The Anniversary’s Josh Berwanger Exorcises Some More Demons

by delarue

Josh Berwanger of the Anniversary writes catchy powerpop songs like it was the late 70s and his life – as well as the deed to his UK castle, his addiction to rare bordeaux, and his ex-wives’ alimony – depended on it. If this was 1979, he would rule the airwaves. That’s a compliment, not a dis. In 2016 terms, that means that every powerpop blog will go crazy over Berwanger‘s forthcoming album Exorcism Rock, he and the band will make a modest killing on the road, and it’ll get plenty of college radio airplay. An album like this could move ten thousand units if he puts it out on vinyl – a smash hit by this decade’s standards. The Anniversary was a serviceable powerpop band, but in the years since the group’s early zeros heyday, Berwanger has become a brilliant songwriter. Most recently, he’s doing an Anniversary tour (ok, bad pun) that’s hitting the Bell House tonight,  September 11 starting at around 8. It’s a weird bill: the excellent, hazily female-fronted dub reggae band Extra Classic, then a generic singer-songwriter, then the Anniversary. Advance tix are gone, so it’s $25 at the door.

Berwanger’s forthcoming record was ostensibly recorded in a marathon weeklong session fueled by equal parts red wine and tequila. It revolves around a familiar Berwanger theme, the evil that femmes fatales do. A surreal gothic choir kicks off the album’s opening title track, a backbeat numberin the hallowed tradition of Badfinger and Cheap Trick.

I heard you on the radio
They say you’re the new sensation
It’s so easy to fool this nation,

the frontman intones. A rapidfire blast of blues riffage and a brief twin-lead guitar passage between Ricky Salthouse and Berwanger completes the period-perfect 70s picture.

Rats & Cats swayss slowly over Scott Schoenbeck’s snappy bass, a twisted mashup of the Knack and Alladdin Sane-era Bowie “You move like a cat, taste like a cat..blow like the wind…” We get the picture.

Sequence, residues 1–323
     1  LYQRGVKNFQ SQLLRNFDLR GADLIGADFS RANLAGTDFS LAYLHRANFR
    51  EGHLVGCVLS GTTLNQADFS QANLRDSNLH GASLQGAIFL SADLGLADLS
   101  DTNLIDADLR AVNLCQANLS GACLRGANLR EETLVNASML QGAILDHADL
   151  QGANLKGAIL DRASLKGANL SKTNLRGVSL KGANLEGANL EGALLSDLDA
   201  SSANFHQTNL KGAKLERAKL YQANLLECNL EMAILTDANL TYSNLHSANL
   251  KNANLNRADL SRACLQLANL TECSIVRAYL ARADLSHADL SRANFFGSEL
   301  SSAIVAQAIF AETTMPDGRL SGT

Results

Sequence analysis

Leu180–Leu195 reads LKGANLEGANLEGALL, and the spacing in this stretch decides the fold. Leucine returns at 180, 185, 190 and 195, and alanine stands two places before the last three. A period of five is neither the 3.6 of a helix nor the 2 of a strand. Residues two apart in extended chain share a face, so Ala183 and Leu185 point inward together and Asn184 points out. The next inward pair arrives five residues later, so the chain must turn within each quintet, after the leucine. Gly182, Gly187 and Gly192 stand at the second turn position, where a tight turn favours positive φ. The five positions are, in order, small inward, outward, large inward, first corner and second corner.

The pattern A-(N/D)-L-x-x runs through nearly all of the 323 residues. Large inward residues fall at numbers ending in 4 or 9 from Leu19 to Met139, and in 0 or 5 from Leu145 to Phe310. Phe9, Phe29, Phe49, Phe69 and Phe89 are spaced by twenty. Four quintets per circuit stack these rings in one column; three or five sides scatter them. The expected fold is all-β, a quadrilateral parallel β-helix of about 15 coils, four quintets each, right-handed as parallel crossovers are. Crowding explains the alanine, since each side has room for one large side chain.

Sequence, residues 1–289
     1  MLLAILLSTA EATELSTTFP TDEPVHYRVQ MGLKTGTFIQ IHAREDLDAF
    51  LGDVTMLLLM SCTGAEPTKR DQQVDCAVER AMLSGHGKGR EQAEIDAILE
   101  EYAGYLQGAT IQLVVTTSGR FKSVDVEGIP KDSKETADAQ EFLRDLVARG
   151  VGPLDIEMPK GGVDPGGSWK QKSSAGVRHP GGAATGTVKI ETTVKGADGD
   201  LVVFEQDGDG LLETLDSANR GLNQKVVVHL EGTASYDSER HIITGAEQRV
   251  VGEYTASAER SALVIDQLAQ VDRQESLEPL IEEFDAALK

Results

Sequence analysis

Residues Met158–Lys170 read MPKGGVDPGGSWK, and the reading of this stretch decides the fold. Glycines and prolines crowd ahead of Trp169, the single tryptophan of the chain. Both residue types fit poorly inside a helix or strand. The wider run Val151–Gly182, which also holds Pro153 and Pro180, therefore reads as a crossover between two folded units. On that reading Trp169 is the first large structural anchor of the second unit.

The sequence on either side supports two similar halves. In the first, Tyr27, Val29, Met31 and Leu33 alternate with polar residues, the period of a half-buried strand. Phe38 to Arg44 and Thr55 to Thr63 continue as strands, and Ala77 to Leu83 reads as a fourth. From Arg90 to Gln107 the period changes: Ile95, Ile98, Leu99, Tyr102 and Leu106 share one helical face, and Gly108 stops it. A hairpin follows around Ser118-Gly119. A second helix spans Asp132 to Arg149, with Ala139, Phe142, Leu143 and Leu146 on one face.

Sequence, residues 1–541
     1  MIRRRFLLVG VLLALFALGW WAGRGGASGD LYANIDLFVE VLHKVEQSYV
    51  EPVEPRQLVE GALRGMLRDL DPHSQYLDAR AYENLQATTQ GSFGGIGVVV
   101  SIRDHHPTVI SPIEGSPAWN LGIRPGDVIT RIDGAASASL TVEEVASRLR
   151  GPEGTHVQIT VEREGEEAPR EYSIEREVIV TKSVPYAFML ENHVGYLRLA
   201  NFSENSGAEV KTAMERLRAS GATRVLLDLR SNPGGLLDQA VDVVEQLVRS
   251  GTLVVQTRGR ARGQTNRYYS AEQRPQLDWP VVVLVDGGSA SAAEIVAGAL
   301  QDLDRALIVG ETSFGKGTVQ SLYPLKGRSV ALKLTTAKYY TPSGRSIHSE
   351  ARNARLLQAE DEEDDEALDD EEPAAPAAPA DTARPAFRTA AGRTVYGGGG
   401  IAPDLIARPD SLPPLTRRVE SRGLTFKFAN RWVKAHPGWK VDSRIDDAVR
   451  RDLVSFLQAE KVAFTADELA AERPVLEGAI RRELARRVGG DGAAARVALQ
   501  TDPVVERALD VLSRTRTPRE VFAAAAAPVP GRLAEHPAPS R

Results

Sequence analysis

Booty Shake is a dead ringer for Chuck Prophet, a Nashville gothic tune disguised as scampering early Tom Petty powerpop. Black Sun, a kiss-off number, is early 80s CBGB style punk-pop tune with a wicked hook and another savagely purposeful Salthouse guitar solo. Guess You Weren’t Wrong blends twelve-string jangle and spare piano over a lush bed of acoustic guitars, like a late Elliott Smith ballad. Then Berwanger flips the script with I Want You Bad, a minute fifty seconds of period-perfect 1979 punk-pop bliss, acidic sheets of guitar over a wickedly catchy tune propelled by drummer Jonny Phillip’s frantic pulse.

Slutty Skin – Berwanger’s titles leave nothing to the imagination – is Social Distortion as the Star Spangles might have done it, with starry washes from Brian Klein’s synth. Banks of distorted broken chords anchor Forever, bass hovering overhead before kicking in with the drums on the verse. “It won’t last forever,” Berwanger warns. Warm sheets of synth give way to a dual guitar break, Berwanger running the riff as Salthouse plays acidic noise. The girls in the chorus complete the picture at the end, closer to the Jayhawks than ELO. It’s the best song on the album.

Spirit King is a more straightforward, crunchy take on Adam Ant: “We’re lost in the underground,” Berwanger whispers. The acoustic Led Zep interlude, and the fuzztone glam crescendo after that, might seem completely out of place, but Berwanger makes it all work, right up to Salthouse’s long, searing solo out. The final cut is Space & Time, rising from a starry, Lynchian acoustic intro to fuzztone desperation and then back. “I think of you at night when I’m all alone, so I think of you all the time,” Berwanger explains. It all makes sense now. Last time Berwanger led a current project on tour, he and the band played the Mercury; this time, they’re scheduled to hit Cake Shop on November 4.